I don't really use the way in the following code to implement my application. I just show the need to pad the extra data samples. But since src[12] is not long enough, I put another src1[] in use. All I need to do is to have a slightly large buffer (size = signal length +wavelet filter length-1), and always remember to pad the additional data samples at the end. My application is using data from a round disk, so it is naturally I need to use periodical padding.
My point is that it is possible to pad the data in such way that we can have the same result as "ppd" mode in wavelet toobox of Matlab.
In fact, I still do not really understand why the offset for forward WT is -1 and inverse WT is 0. I did change these values and I end up with very different value. if you can, could you give me some idea? Thank you!

Code:

  for (i=0; i<12; i++)
   src1[i]=src[i];
  for (i=0; i
   src1[12+i]=src[i];

Regarding offset values and minimal offset value (-1).

Because so called WT low-pass and high-pass filter responses may have maximum (or optimal in any other criteria) value in different position, there is a task to align them each with other. The delay line kind of interface is mostly intuitive for streaming data processing (as it was considered above) and in the streaming applications it can be done by additional delay to the least inertial filter to align with the most inertial and its a half of the reason to introduce offsets (additional delays) for filters.
If we look into perfect reconstruction nature (in the other words in the particular criteria), we may find there some conditions for filters alignment to successfully reconstruct original data (even if we talk about delayed perfect reconstruction), they may be different for different types of filter banks and its another half of reason to introduce filter alignment flexibility in interface.

The minimal value of aligning delay or offset (-1) allows to obtain minimal possible latency for WT analysis and subsequent reconstruction. Its just adjustment to specify minimal portion of pre-history that is required for multi-rate filtering.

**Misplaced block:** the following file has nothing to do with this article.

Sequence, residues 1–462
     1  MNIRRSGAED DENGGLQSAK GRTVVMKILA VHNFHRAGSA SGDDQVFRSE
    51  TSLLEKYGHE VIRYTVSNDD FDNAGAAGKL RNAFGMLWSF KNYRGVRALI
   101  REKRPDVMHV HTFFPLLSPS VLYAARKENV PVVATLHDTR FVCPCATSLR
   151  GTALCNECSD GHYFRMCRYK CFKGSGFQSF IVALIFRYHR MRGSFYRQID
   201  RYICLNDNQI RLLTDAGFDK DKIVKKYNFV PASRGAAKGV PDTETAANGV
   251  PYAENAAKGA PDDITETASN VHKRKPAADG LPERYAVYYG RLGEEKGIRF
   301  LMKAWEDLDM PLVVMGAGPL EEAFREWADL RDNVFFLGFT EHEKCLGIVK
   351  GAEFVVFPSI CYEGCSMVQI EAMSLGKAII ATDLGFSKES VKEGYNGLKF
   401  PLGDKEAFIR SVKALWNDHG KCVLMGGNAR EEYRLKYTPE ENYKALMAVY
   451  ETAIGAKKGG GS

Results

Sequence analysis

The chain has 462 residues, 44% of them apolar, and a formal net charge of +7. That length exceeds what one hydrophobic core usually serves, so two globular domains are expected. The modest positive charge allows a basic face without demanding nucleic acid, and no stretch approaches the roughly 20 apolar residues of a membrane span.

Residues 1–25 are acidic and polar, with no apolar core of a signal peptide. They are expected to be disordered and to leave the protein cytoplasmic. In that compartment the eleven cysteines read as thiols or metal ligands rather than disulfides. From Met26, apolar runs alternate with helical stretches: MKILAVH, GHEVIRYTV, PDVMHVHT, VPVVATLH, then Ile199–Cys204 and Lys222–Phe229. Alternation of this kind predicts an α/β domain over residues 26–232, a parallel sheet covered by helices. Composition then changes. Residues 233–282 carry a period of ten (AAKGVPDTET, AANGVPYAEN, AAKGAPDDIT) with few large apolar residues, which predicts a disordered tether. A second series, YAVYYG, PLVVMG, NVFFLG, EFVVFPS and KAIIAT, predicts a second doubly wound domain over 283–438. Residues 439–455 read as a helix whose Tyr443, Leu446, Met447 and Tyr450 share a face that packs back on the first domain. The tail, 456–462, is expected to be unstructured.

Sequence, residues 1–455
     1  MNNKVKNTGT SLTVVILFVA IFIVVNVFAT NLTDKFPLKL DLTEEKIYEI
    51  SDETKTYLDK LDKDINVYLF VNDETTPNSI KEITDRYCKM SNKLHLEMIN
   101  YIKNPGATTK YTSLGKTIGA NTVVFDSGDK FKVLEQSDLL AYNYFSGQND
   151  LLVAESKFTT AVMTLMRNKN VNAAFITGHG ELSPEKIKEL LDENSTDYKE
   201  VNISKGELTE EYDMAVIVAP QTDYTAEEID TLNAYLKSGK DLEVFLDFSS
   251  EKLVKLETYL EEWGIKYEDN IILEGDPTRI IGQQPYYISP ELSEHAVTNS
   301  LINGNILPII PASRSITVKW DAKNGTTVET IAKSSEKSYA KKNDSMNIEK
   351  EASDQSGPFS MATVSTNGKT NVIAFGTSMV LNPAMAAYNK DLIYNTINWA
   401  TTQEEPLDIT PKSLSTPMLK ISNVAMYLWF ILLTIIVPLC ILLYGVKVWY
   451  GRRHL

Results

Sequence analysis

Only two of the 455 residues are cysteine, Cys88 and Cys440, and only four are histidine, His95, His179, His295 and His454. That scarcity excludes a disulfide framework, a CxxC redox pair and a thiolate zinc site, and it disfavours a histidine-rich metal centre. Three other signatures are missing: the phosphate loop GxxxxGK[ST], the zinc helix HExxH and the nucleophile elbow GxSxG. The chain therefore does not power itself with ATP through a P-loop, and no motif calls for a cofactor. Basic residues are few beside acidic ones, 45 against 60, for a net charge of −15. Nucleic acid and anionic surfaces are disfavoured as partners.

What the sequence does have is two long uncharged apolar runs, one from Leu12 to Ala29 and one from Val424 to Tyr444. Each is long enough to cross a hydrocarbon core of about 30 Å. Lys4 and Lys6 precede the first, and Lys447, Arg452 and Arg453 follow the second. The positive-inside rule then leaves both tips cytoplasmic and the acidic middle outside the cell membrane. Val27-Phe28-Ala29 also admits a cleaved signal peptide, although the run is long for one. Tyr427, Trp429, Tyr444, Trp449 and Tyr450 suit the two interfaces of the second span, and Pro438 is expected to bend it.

Lets consider some example. The minimal length of filter-bank, which allows successful reconstruction, is 2 (Haar). If it would be usual FIR filter (without resampling) you are restricted by latency of len -1 that is 1 sample. But because of resampling with factor 2 you can throw out the first RESULTING sample and take only second (fourth and so on), so you simply do not need delay line at all, if you work with even size of buffering. It just shows that its possible for Haar to decompose data by pairs (l=src[0]+ src[1], h=src[1]-src[0]), without any actual data in mind (i.e. in state structure delay line) between blocks of length 2 x N. And the interface provide such a possibility by offset = -1 and you do not need pre-history for Haar-analyzed data block.
Its not a way-back machine:) and if buffer size restricted by single sample (or any other odd number) the external one-sample delay line will be required to provide even number of input data samples. But for buffer of even size its possible to implement 1-level Haar analysis without additional latency. Any analysis eats some samples.

WBR,
Mikhail

P.S. some addition info regarding offset values for Db2 and other orthogonal filter banks with "wraped" borders extension.

If you need minimal latency start from -1 value for Fwd transforms for both filters, like in code examples above. It should be enough. For Inv transform you need to provide offset to have result in the right place. The zero value is the most suitable for example above.
But actually offsets are just additional delays to the input dataof Fwd and for output data of Inv filtering (and L & H values may be specified independently).

Regards,
Mikhail